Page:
Electricity generated by large wind farms is now cheap enough in many places around the world to compete effectively with electricity generated by coal and natural gas.

At the same time, solar panel farms aren’t quite low cost enough to be as competitive with fossil fuels as wind energy is. Still, the cost of electricity generated by solar panels has also come down significantly this year.

These are the findings of a new report from Bloomberg’s New Energy Finance research unit, which looks at the costs of electricity from various sources of energy around the world for the second half of 2015. The report focuses on the overall cost of electricity—from generation, to upfront investment, to the cost of financing—called the “levelised cost electricity,” or LCOE.

The new statistics are important because they show how, thanks to dropping technology costs and lower financing costs, clean energy is becoming mainstream. Wind farms and solar panel farms are no longer niche technologies.

As more countries and states enact market systems that put a price on carbon emissions, clean energy technologies will actually become cheaper than fossil fuel technologies. In fact, they already are in places like the U.K. and Germany, which have aggressive carbon policies.

These technology and market shifts will lead to one of the largest transformations ever for the world’s energy infrastructure.

SUNEDISON, INC. 24 MW DC
24 MW DC Cascade Solar Plant Constructed by SunEdison located in California Desert, the largest plant interconnected to date under California RAM program. Financing provided by Wells Fargo, SDG&E to purchase electricity generated. (PRNewsFoto/SunEdison, Inc.)Photograph by AP/PRNewsFoto/SunEdison

The Bloomberg report says that the average cost of electricity generated by wind farms (on land, not offshore) throughout the world dropped to $83 per megawatt hour in the second half of this year. At the same time, electricity generated by solar panel farms fell to $122 per megawatt hour.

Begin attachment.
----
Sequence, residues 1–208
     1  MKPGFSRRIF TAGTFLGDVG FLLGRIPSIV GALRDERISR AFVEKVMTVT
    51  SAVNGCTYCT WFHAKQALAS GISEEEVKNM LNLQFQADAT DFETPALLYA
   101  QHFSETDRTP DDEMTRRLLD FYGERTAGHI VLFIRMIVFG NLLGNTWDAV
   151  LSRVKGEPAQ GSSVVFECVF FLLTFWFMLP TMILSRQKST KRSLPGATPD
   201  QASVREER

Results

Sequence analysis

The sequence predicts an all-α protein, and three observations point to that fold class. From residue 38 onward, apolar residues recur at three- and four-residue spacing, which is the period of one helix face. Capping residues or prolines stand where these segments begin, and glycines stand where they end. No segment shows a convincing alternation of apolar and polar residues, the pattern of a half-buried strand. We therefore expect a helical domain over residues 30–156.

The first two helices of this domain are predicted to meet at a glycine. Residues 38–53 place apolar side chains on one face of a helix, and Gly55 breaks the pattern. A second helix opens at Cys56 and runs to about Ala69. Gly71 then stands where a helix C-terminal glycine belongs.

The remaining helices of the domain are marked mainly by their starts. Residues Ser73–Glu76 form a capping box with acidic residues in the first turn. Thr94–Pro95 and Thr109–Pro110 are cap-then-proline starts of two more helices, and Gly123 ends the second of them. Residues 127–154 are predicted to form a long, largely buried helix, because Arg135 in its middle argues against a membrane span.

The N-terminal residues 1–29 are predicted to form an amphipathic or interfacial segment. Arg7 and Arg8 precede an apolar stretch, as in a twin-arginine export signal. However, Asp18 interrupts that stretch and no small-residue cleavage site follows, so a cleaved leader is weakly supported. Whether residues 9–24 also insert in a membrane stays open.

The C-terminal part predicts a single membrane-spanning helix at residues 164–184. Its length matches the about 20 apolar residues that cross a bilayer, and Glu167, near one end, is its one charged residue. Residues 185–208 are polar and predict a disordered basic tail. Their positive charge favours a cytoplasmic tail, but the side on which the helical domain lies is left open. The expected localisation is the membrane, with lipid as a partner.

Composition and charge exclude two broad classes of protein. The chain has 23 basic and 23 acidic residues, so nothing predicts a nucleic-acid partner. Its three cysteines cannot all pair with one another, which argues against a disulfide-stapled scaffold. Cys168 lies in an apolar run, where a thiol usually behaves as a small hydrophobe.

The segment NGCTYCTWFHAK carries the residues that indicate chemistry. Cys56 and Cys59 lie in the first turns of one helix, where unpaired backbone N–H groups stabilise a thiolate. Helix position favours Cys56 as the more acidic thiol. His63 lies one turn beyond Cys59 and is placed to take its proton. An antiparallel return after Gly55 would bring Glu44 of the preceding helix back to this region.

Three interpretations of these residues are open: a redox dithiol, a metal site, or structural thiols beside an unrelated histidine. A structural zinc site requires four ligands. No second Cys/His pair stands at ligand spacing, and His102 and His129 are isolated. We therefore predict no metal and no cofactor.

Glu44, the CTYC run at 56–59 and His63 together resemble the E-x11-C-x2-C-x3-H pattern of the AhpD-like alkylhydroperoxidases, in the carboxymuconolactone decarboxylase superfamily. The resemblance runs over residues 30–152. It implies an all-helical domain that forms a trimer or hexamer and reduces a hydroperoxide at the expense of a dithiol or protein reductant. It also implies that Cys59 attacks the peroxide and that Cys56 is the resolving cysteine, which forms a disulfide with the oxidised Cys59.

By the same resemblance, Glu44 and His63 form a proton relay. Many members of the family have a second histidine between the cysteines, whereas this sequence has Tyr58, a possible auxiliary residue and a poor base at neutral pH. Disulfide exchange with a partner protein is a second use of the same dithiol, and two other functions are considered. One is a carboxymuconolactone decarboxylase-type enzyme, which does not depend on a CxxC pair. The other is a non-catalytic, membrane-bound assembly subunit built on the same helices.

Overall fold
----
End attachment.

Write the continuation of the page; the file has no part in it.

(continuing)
In comparison, the cost of electricity from coal and natural gas actually rose in the second half of this year. Coal-based electricity cost $75 per megawatt hour (up from $66 per megawatt hour) in North and South America, while natural gas-based electricity cost $82 in North and South America (up from $76 per megawatt hour).

Electricity costs are heavily dependent on the region of the world where the electricity is produced. Different regions have different natural energy assets, and some countries are far more aggressive with carbon market policies than others are. While coal electricity cost $75 per megawatt hour in the Americas, it costs $105 per megawatt hour in Europe.

Carbon policies in the U.K. and Germany make the cost of electricity from wind significantly cheaper than electricity from fossil fuels. In the U.K., wind now costs $85 per megawatt hour, while both natural gas and coal electricity cost $115 per megawatt hour. In Germany wind electricity costs just $80 per megawatt hour, while natural gas costs $118 and coal costs $106.

Clean energy technology and financing costs will continue to drop, and more and more carbon policies will be put in place around the world. China just said that it will start a carbon market by 2017. Expect to see an acceleration of these numbers on Bloomberg’s report in 2016.

To learn more about solar energy watch this Fortune video:

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